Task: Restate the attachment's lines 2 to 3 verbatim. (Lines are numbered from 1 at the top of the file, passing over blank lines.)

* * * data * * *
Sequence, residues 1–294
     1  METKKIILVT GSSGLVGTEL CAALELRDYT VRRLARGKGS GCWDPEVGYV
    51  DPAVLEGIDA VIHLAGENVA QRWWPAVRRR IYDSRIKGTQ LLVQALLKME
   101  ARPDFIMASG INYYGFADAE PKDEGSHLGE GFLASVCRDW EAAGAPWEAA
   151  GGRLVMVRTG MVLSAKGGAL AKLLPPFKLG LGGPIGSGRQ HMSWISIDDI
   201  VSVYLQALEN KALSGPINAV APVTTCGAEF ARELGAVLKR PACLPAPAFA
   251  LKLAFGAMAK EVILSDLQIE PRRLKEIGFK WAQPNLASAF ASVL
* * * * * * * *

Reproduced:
     1  METKKIILVT GSSGLVGTEL CAALELRDYT VRRLARGKGS GCWDPEVGYV
    51  DPAVLEGIDA VIHLAGENVA QRWWPAVRRR IYDSRIKGTQ LLVQALLKME